Book 39 Completed
I’m sad to admit that “The Map of Love” and me just didn’t connect. Soueif is a beautiful writer; her attention to detail is fantastic and I really loved the way she described simple things, like sunsets, Egpyt’s landscape, fabrics, and food. I do feel like I can picture Egypt better after reading this. That’s really the whole purpose of this challenge: To experience new places through books. It was successful in that regard.
It’s just that the story didn’t capture me and so I remained bored and only semi-engaged for the last half of the book. I know — I know! I feel like a total failure! But if it weren’t for the challenge, this might have ended up back on the bookshelf. Just couldn’t reel me in. Maybe it’s me. It probably is. I’d love to hear a different perspective, so, if you read it, let me know what you think!
I kept waiting for some major plot threads to materialize or the characters to come to life for me, but they didn’t. So, this book is kinda like a beauty queen — gorgeous, but vapid and uninspiring. Also, I was a little disturbed by the book’s seeming laissez-faire attitude toward incest. AND — the whole structure of the novel took me until page 189 (about) to figure out. It’s told in a sort of herky-jerky fashion between the narrator, the narrator’s imaginings of the past, actual letters from the past, and then — toward the end — emails between the main characters as it ventures into the last part of the twentieth century where emails were making their appearance. There weren’t fluid transitions, especially in the beginning, and a lot of the letters from the great-grandma (one plot thread) weren’t really interesting to me — there was one whole letter about an opera, a restaurant, some furniture. Some of the scenes seemed ultimately futile to the story…so…I say (again! A big complaint of mine, I guess) write them for fun and then edit them away! I have missed my calling as a book editor with a large black marker. At 526 pages, it wasn’t like this book would have suffered with a little trim.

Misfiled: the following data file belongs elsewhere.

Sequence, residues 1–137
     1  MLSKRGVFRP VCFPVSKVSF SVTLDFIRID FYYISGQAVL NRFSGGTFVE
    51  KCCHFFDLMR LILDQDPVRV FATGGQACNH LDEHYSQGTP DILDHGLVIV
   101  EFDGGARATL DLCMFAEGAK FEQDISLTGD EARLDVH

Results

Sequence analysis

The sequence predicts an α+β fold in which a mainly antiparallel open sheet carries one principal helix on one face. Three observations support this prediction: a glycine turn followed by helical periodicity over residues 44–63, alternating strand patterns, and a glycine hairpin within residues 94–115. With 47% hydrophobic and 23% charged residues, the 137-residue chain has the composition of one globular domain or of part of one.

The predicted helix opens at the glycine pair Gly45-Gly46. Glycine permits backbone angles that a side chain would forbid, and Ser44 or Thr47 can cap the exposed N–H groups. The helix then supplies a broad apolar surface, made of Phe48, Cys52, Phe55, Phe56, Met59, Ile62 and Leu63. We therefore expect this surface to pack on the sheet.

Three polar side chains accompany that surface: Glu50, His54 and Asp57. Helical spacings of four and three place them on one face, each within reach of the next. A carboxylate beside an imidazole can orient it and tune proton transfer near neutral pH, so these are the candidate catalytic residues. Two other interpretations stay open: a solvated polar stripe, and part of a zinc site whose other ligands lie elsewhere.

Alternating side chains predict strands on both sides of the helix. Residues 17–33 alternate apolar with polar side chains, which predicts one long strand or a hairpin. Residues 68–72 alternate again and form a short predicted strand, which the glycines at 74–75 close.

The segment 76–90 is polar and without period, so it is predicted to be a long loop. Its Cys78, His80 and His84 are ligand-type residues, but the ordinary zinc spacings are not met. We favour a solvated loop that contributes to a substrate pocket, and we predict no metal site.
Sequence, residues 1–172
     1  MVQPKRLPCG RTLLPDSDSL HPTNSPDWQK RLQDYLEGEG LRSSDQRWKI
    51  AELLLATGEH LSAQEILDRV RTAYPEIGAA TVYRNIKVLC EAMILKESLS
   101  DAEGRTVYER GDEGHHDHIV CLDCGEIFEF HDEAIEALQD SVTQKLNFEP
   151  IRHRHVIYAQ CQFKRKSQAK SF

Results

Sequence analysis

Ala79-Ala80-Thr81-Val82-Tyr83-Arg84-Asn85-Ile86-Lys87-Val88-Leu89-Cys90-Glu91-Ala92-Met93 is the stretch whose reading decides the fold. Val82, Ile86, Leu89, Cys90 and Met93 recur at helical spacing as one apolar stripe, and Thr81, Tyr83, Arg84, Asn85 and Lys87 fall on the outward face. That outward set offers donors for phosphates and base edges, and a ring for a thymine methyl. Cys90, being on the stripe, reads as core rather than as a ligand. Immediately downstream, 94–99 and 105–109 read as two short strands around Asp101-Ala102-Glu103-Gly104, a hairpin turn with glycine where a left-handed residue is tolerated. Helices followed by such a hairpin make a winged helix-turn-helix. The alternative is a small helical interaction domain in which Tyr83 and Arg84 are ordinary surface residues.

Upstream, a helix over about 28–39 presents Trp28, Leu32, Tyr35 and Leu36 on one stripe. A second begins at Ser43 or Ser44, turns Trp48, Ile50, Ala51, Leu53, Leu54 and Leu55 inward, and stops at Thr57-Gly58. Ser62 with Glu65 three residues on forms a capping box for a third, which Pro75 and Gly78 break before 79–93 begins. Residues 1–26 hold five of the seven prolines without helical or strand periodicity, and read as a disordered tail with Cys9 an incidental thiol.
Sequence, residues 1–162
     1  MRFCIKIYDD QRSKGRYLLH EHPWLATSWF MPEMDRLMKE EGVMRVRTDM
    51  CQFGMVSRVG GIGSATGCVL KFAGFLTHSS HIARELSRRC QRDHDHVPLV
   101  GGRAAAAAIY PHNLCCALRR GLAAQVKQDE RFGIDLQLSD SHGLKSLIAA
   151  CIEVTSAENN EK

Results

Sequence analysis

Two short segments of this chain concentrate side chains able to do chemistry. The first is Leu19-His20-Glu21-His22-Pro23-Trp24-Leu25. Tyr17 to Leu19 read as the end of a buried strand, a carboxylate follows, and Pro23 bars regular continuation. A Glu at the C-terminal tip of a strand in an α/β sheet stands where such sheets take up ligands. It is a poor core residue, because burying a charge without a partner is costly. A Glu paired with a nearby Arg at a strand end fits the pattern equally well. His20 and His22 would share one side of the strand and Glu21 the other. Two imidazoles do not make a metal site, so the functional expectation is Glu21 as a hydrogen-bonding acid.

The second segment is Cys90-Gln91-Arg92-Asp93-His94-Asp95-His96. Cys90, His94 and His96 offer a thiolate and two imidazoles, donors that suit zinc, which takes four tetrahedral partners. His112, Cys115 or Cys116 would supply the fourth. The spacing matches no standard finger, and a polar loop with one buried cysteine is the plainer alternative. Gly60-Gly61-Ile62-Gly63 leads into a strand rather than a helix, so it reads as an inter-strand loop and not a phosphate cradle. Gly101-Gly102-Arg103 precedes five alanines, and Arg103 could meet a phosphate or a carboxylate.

Soueif took too long to get to the meat of her story and by that time, I wasn’t willing to journey with her anymore — I was already eyeing my recent purchases of The Passage and Rebecca and lamenting that I wasn’t read this book fast enough to buy myself time to read those too!
I should say, I should press, I should make a point to communicate…I didn’t hate this book, but maybe I needed to be in a different mental state to penetrate its flaws and appreciate the prose despite them.
What I did like was all the political stuff about Egypt both in 1901 and 1997. Most of the criticism of this book says that the book doesn’t know what it wants to be and the political tangents detract from the story. But I thought it was interesting!! I’m mostly ignorant to Egypt’s history, so, I liked that part of the book.
Hope everyone in the US has a wonderful Independence Day. And everyone outside of the states — well, enjoy a firework free July 4th. I like fireworks to a degree, but Einstein gets all neurotic on me and when it’s midnight and people are still setting off loud booms down the street, to the detriment of my child’s bedtime, I’ll be a ball of fury.